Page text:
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US is last country to complain about internal meddling: Analyst

Stephen Lendman

The United State has no right to criticize other nations for interfering in the affairs of other countries due to Washington’s long history of international meddling, an American author and radio host says.

“The US is the last country to complain to any other country about meddling in their internal affairs,” Stephen Lendman told Press TV on Saturday.

“It’s meddling in the internal affairs of one country after another in the worst way possible, waging multiple wars of aggression against [other nations],” Lendman said.

US National Security Advisor John Bolton on Friday warned Russia, China and other allies of Venezuelan President Nicolas Maduro against any deployment of troops and military equipment in the Latin American country, saying Washington will defend its interests against such "provocative" actions.

“We will consider such provocative actions as a direct threat to international peace and security in the region. We will continue to defend and protect the interests of the United States, and those of our partners in the Western Hemisphere,” Bolton said.

Earlier this week, US President Donald Trump said “Russia has to get out” of Venezuela and warned that “all options” were on the table to force Russia out of the region after two Russian air force planes carrying nearly 100 military personnel landed outside the Venezuelan capital, Caracas.

Russia has dismissed the US allegations, defending its move in dispatching military “specialists” to Venezuela as part of a military-technical cooperation agreement signed by the two countries in 2001.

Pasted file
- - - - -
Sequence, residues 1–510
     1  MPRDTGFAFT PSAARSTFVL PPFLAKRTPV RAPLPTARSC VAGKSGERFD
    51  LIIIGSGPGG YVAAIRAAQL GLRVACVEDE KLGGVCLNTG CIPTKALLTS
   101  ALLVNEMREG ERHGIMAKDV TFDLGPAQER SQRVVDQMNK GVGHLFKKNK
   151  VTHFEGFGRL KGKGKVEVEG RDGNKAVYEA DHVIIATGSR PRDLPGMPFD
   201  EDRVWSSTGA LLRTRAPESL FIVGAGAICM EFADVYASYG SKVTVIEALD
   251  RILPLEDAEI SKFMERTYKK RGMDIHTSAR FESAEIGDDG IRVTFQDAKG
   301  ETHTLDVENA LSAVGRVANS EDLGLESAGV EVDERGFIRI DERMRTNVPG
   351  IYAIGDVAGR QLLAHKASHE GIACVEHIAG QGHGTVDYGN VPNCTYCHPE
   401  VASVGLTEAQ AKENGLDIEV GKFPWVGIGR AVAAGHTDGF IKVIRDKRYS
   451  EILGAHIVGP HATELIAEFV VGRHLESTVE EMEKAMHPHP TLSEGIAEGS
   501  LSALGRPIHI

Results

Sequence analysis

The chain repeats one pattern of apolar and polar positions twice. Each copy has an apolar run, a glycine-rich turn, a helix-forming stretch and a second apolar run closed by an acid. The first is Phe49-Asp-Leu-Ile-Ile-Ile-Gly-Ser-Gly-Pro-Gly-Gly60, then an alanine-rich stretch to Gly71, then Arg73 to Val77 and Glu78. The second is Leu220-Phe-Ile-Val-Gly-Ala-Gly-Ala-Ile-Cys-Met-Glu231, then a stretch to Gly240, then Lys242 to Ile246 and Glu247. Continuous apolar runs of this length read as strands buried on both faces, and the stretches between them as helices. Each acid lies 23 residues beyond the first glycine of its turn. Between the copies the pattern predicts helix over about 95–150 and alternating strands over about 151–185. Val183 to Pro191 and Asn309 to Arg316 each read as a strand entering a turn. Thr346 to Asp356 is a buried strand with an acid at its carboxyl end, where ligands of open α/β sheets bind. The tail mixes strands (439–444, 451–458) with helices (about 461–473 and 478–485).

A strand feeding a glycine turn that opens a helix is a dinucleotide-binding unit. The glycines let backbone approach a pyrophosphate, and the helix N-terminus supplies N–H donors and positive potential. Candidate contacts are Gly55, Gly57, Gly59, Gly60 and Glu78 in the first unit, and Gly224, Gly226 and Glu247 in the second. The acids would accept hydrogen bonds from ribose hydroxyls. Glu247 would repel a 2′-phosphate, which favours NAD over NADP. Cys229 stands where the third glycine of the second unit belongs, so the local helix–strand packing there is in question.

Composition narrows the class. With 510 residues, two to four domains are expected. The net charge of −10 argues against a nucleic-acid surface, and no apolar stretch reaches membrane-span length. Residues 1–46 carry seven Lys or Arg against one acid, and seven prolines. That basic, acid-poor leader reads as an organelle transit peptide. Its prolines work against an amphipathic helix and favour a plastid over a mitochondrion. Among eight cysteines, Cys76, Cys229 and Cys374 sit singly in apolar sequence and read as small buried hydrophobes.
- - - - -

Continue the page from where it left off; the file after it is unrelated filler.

Brushing aside Trump’s threat, Moscow has defended the deployment arguing that it posed no threat to regional stability.

Separately, a Chinese plane loaded with 65 tons of medical aid landed in Caracas on Friday, a move that was expected to infuriate the administration in Washington, which has spared no efforts in forcing Maduro to step down by triggering an economic crisis through the imposition of tough sanctions on the oil-rich Latin American country.

On Friday, Elliott Abrams, the US special envoy to Venezuela, also said he had delivered to Secretary of State Mike Pompeo a list of options, including diplomatic pressure and economic sanctions, that could be employed against Moscow if it continued to send military personnel to Caracas.

The United States and most other Western countries have expressed support for Venezuelan opposition leader Juan Guaido, who invoked the country’s constitution in January to declare himself interim president.

Russia and China, however, back the legitimate government of Maduro, who has called Guaido a “puppet” of Washington.

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